I have a new friend at work who does some very cool hobby projects. He is a homeschool dad with four girls and an amazing ability to teach. He created an Instructable with a video on how to control a disk drive stepper motor with a Raspberry Pi connected to a motor drive. You can find the instructable here. The video and descriptive material (complete with links to materials and ancillary information) speak for themselves.

Betty Blonde #472 – 05/05/2010
Betty Blonde #472
Click here or on the image to see full size strip.

How to teach computer programming to kids (Part 9) A suggested curriculum

Day 617 of 1000

This is the ninth in a series of posts on how we taught our children to program, what we did wrong and how we think we could have done better.  You can see the introductory post and index to the series by clicking here.

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This post describes how I think I would teach an eleven year old kid how to program.  I explained the many things we did wrong and the few things we did right in teaching our kids how to program when they were young In the previous posts in this series.  We really did not do so badly with our son.  He is a good programmer with a solid knowledge of the fundamentals of object oriented programming in C#, C/C++, and Python.  His college level Introduction to Java class was a trivial exercise for him.  We did horribly with our daughter.  So much so that she struggled mightily with the same Introduction to Java class at which our son had excelled.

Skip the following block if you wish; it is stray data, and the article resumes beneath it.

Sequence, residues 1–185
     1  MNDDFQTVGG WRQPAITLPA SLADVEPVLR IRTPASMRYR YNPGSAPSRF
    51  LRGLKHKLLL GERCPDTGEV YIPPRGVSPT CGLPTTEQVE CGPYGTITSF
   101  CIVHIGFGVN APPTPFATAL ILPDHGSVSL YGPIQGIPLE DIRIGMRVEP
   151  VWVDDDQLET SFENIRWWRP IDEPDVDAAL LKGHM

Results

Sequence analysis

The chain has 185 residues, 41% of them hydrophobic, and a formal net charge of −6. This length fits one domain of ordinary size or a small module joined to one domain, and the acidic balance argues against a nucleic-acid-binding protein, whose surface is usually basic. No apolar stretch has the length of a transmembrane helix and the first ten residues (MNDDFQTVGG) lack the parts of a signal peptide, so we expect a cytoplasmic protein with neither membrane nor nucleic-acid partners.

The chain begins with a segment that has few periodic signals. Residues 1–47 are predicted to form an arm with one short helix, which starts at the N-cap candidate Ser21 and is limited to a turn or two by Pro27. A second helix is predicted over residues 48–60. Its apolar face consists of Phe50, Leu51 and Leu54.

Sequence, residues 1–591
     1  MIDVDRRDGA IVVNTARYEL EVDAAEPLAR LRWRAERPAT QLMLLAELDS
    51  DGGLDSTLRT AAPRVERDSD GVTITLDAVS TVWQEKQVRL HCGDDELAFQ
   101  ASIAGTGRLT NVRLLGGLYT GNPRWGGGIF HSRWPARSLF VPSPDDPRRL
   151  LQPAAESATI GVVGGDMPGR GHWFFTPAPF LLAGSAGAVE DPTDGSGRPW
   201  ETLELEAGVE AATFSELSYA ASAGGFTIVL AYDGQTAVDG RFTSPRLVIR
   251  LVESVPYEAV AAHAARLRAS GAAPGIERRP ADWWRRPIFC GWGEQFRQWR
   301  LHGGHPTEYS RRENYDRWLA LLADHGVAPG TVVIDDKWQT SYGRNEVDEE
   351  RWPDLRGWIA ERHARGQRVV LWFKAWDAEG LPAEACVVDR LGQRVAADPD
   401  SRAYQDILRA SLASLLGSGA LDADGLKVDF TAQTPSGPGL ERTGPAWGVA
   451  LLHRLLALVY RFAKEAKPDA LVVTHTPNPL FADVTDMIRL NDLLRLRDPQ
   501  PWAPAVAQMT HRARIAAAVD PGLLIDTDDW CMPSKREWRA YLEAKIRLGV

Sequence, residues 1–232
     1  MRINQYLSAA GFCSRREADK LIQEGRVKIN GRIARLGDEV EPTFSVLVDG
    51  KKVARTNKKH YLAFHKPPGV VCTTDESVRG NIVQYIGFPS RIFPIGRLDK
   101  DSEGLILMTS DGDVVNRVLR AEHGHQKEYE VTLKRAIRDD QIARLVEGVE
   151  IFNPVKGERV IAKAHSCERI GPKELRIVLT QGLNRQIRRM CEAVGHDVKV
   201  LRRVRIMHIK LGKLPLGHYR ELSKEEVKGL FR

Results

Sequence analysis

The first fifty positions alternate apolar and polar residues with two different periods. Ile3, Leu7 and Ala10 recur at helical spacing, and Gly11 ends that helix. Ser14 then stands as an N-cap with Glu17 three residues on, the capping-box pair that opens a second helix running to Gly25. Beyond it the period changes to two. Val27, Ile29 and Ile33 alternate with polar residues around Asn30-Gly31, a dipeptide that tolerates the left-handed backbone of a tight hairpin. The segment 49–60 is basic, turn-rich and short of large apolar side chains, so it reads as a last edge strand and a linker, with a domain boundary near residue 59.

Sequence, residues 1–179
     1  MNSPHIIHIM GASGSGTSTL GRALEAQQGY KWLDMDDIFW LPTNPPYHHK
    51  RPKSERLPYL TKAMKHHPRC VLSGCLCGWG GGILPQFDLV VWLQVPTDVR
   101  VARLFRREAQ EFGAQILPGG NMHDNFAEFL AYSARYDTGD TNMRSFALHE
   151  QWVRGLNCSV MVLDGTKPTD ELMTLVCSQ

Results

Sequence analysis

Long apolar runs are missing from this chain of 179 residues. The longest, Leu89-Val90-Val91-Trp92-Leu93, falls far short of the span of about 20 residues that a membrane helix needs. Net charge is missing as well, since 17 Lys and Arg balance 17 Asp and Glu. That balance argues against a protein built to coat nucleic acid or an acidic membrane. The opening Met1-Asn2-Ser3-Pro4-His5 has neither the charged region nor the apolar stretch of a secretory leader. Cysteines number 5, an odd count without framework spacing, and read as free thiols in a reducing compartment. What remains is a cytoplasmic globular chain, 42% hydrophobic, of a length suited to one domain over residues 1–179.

We have a good (certainly not perfect, but good) track record teaching our kids things like reading, math, art, typing, and all kinds of other stuff, so I have tried to think about what I did wrong and how I might do it if I had it to do over.  I think the main reason we did not do so well is that we did not see programming as an essential skill.  We were wrong.  All STEM majors need to know how to program and that knowledge is a huge advantage to kids who enter a STEM degree in the University.